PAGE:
A metaphor to identify the concepts relating to verifying and adding transaction is - Think of a outsourcing company that has been given the task of marking the answer sheet, given the solution sheets. The rules are set up in such a way that it incentivizes the employees to give their best. However there is a chance that evaluators can collude and create a undesirable outcome.

The lesson learned from this metaphor is that the combination of reward, punishment, peer pressure, and competition can be used to manage a group of independently acting individuals as long as they do not collectively counteract.

The main components of the transaction reporting system are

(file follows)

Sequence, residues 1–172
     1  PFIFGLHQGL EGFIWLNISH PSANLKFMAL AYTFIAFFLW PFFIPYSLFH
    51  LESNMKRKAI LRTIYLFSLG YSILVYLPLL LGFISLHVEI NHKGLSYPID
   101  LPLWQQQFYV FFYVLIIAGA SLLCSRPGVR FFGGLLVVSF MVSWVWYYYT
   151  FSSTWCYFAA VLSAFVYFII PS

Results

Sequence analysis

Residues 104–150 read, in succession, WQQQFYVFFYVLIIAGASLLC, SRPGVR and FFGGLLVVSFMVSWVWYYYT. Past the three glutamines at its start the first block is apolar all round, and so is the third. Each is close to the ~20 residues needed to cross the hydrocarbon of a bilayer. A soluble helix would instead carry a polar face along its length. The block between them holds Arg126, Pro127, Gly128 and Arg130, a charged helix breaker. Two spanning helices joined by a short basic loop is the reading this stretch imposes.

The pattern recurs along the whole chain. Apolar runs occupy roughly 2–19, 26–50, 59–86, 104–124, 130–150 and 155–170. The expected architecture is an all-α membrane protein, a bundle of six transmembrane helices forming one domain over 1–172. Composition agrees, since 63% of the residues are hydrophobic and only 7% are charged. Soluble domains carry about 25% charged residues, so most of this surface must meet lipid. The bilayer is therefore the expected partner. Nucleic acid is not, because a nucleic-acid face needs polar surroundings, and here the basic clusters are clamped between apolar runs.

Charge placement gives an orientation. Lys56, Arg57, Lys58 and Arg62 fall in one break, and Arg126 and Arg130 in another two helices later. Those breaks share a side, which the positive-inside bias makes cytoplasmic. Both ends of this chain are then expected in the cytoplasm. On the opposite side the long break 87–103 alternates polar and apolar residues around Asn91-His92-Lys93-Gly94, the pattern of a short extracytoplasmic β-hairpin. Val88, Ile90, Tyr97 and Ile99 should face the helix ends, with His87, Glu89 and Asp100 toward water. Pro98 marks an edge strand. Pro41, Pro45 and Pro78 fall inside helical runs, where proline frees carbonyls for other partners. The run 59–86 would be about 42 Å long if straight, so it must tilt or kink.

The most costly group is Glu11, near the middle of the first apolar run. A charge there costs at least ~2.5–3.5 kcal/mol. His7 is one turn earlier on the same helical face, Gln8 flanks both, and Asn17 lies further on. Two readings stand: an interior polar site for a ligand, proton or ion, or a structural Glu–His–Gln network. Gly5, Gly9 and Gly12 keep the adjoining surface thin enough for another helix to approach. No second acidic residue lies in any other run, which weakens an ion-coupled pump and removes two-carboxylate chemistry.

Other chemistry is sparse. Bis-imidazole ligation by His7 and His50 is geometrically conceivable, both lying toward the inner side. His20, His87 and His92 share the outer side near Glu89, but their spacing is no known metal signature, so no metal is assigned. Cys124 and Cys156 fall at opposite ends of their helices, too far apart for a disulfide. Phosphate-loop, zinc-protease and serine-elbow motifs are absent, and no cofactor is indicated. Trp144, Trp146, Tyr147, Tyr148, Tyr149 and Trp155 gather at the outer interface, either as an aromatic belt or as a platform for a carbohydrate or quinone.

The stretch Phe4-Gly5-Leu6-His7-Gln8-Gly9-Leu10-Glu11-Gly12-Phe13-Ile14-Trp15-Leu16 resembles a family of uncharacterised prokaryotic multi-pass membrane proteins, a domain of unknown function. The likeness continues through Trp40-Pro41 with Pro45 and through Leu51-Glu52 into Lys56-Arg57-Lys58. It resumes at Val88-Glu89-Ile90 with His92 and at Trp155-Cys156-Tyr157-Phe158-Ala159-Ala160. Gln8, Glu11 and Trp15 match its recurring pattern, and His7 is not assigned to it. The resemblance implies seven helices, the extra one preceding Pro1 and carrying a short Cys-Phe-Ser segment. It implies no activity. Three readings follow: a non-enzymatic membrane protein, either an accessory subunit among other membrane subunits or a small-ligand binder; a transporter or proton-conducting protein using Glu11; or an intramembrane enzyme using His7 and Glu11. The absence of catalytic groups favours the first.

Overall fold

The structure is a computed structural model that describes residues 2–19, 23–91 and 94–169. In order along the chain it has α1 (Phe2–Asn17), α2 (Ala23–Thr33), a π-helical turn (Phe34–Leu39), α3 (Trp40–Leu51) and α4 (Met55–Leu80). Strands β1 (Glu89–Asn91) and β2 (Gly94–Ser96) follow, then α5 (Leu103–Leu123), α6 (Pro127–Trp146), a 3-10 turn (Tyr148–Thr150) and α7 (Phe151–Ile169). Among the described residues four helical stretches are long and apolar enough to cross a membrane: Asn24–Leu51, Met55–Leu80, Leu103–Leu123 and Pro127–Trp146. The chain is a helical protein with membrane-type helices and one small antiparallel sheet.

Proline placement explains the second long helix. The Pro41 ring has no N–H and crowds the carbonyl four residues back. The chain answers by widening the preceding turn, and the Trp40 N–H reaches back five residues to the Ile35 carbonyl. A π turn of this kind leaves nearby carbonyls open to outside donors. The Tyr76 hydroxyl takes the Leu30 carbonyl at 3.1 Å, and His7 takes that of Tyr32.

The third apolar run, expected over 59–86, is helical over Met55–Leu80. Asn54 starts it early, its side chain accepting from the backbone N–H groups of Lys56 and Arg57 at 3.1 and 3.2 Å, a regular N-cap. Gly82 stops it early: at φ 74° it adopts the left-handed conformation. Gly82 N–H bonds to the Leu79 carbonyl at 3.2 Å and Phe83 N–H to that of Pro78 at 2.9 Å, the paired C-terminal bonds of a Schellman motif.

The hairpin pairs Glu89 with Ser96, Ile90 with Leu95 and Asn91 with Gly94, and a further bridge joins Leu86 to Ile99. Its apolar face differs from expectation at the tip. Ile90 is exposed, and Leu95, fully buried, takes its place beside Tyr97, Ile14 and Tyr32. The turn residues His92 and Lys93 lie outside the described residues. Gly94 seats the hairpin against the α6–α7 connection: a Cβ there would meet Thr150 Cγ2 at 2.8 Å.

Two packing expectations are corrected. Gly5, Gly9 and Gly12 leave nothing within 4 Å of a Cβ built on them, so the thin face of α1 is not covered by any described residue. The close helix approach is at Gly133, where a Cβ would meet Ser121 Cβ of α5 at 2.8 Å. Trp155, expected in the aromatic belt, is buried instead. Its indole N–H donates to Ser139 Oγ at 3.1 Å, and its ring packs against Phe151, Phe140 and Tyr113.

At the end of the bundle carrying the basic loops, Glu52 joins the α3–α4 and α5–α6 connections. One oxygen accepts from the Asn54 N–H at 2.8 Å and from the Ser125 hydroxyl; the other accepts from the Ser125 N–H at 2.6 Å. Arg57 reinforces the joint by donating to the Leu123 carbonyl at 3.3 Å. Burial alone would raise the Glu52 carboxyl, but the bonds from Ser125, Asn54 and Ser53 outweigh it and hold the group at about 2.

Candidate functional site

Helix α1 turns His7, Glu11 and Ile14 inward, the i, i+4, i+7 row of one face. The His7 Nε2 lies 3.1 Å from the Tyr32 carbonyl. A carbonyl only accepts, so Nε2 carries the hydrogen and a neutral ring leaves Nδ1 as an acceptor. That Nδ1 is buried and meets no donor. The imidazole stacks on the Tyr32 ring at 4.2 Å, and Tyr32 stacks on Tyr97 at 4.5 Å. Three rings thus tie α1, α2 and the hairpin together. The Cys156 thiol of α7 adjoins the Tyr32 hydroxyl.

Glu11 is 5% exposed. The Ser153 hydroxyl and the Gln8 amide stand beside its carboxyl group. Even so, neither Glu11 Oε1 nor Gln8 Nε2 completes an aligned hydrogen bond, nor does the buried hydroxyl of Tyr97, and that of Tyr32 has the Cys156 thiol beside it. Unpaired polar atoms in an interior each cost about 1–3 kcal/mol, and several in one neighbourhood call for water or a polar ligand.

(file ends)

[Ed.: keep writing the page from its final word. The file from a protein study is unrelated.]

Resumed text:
• Validation rules
  • Reward
  • Punishment
  • Competition
  • Peer Control

Choosing a Transaction History

There are two ways to choose transaction history, longest chain or heaviest chain. The distributed consensus has the following consequences

  • Orphan blocks
  • Reclaimed reward
  • Clarifying ownership
  • Reprocessing of transactions
  • A growing common trunk
  • Eventual consistency
  • Robustness against manipulations

Paying for Integrity

The choice of payment currency for rewarding miners in a Blockchain network has impact on various aspects such as its openness, distributed nature, integrity. Hence whatever be the form of payment, it must have the following characteristics

  • Digital form
  • Widely accepted
  • Not subjected to capital restrictions
  • Stable value
  • Trustworthy
  • Decentralized

Bringing the pieces together

This chapter integrates all the concepts and metaphors introduced in the previous chapters

Concept Purpose Metaphor Used
Transaction Data Describing the transfer of ownership Bank Transfer form
Transaction History Providing the current state of ownership Course of a relay race